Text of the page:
first_imgAN employment tribunal in Scotland has awarded a bakery worker £5,000 in compensation after he alleged he was forced to quit his job because of bullying.Thomas Dempsey, a bakery assistant at A&A Bakers of Linwood for six years, claimed that the bakery owner was abusive and intimidating.He said he quit when his hours of work were abruptly changed.In a written ruling, the tribunal awarded Dempsey £5,581 saying this change “clearly breached a fundamental term of the contract of employment”.last_img read more

Floods bring chaos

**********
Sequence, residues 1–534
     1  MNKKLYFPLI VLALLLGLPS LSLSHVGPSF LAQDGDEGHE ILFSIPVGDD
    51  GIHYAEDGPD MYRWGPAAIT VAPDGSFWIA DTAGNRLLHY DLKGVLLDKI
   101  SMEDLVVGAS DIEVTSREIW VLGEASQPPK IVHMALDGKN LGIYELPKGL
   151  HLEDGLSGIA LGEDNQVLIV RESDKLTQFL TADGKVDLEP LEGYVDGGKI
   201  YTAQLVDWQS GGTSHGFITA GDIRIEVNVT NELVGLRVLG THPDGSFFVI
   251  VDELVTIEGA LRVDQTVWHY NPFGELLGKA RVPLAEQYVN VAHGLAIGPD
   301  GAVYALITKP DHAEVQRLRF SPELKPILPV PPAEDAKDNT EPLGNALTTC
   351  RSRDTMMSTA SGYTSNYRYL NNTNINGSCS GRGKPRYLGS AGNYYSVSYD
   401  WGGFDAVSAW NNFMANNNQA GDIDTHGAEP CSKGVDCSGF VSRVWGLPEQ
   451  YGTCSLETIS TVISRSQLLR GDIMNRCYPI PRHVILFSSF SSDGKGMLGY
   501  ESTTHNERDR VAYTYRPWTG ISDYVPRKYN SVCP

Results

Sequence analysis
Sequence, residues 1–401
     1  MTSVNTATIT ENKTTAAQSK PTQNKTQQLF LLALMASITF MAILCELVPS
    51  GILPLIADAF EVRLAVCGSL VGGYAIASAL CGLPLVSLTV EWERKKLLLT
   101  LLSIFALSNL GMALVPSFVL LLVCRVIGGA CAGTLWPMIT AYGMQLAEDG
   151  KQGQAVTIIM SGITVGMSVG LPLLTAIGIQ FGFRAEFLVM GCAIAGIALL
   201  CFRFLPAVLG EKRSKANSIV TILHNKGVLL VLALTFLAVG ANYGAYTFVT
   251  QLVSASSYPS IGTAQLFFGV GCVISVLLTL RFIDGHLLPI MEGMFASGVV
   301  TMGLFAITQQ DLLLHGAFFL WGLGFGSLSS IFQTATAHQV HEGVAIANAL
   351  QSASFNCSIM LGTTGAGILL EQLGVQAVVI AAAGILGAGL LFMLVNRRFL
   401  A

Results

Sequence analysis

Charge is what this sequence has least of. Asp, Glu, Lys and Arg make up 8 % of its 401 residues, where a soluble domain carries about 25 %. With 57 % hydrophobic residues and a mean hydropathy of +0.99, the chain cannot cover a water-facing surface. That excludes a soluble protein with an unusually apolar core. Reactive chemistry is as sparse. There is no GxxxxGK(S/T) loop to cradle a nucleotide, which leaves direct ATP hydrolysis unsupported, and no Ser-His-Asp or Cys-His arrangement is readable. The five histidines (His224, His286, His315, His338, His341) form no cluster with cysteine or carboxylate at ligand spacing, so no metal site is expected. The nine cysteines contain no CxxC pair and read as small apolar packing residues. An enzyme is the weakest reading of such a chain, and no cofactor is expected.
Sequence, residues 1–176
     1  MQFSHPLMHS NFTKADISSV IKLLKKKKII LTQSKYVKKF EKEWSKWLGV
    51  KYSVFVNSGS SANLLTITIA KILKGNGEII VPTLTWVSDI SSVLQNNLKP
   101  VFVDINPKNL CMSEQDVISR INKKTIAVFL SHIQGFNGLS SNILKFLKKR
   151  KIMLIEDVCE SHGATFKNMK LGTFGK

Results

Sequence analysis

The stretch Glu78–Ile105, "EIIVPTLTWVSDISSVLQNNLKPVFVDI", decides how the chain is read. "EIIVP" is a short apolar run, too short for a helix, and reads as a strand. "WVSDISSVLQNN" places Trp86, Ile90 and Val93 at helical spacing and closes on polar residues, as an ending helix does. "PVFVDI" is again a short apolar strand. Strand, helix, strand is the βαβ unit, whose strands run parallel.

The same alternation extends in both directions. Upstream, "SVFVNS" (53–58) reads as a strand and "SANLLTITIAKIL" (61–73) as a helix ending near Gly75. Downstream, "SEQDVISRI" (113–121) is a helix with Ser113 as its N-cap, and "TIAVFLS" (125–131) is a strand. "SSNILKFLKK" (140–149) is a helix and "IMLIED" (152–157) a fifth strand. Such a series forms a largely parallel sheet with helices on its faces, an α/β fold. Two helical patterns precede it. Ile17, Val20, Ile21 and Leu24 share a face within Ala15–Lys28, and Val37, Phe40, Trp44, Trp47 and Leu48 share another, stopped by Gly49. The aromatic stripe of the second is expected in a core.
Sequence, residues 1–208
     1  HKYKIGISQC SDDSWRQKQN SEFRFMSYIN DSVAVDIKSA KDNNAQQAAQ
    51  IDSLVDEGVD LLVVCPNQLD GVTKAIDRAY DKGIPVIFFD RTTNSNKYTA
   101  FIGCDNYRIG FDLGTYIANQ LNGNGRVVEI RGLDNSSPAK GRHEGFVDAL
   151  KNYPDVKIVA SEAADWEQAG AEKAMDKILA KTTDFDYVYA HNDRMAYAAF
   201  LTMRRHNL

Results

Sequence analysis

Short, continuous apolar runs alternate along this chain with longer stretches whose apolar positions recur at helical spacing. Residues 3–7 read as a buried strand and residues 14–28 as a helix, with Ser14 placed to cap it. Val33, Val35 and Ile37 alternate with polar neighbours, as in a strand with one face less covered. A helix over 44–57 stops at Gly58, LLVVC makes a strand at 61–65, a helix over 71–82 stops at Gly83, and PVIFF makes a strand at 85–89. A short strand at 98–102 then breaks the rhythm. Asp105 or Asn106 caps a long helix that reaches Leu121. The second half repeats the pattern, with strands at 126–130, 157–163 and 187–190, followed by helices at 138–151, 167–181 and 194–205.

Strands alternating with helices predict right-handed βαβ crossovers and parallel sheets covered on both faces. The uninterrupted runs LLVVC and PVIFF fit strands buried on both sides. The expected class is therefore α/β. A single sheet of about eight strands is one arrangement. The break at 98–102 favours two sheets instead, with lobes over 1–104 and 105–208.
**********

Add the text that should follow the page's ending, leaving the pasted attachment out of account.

first_imgThe unfolding weather crisis has crippled many bakeries across England, with Gloucestershire businesses badly hit, amidst scenes of panic-buying.Janes Pantry bakery, on Lower Tuffely Lane, Gloucester, expected to be without running water for anything up to two weeks. “The flooding has drastically affected our trade,” said Nevil Morse, managing director.”It’s completely manic, we’ve been driving to and from the factory manager’s house with buckets of water, so that we can continue production. Each car run takes about an hour and we can only carry 180 litres at a time.”Morse said that, as soon as the nine Janes Pantry stores were stocked with bread, the shelves were stripped bare. They opened at 8am and were empty by 9am.”If the water levels had been one millimetre higher,” he added, “then water would have got into the bakery. It has been crazy. Instead of using sand bags to stop the water entering, we’ve had to use flour bags.”The four Janes Pantry bakery vans, which would usually deli-ver bakery products door-to-door within the Gloucester area, and its distribution vans, were stopped in their tracks due to flooding on the surrounding roads. “Gloucester is like a ghost town,” added Morse. “People cannot get in to work and, last Friday, it took some of us eight hours to get home. I had to wade through knee-high water.”Panic-buyingBecause homes were cut off, panic-buying in the supermarkets and convenience stores was widespread in the areas that were worst-hit, with bread being one of the first products to fly off the shelves.The duty manager at Sainsbury’s in Cheltenham, Steve Roberts, said: “It has been chaos. Deliveries are getting through – we’ve been getting emergency supplies, but they sell out as soon as they come in. Everything is behind schedule in the in-store bakery because the water’s off.”On Monday last week, the Sunshine Bakery, a craft bakery in Stroud, near Gloucester, was reported to be under between three and four feet of water, with no electricity or running water. The extent of the damage is still unknown, but its ovens and equipment were submerged. The bakery is expected to be out of business for some time.The Environment Agency issued further severe flood warnings in the Midlands, River Avon and the River Severn between Evesham, Tewkesbury and Gloucester on Tuesday. Panic was widespread, as it was feared that the Severn and the Thames rivers would overflow and the agency described the situation as “critical”.Marketing director of Dawn Foods Maggie Dagostino said that personnel faced real problems getting into its site in Evesham, an area heavily disrupted by the floods. But she added: “Despite this, our site is on higher ground and accessible via the ring road. Because of this, the site has been unaffected and production and deliveries have not been disrupted.”Delivery problemsThe Authentic Bread Company, which makes organic bread, cakes, croissants and pasties in Gloucestershire, has had problems getting deliveries in and out of the bakery due to sections of the M5 being closed.The company was temporarily unable to receive flour deliveries from Shipton Mill and hours had been added to delivery times leaving the bakery.Proprietor Alan Davis told British Baker he was “very lucky” because the bakery had not been flooded and it still had running water and electricity.Davis said: “I’ve not seen anything like this before. Roads are full of abandoned cars. Last Friday, to get home, I had to leave my Range Rover and wade through water that went up to my chest.”last_img read more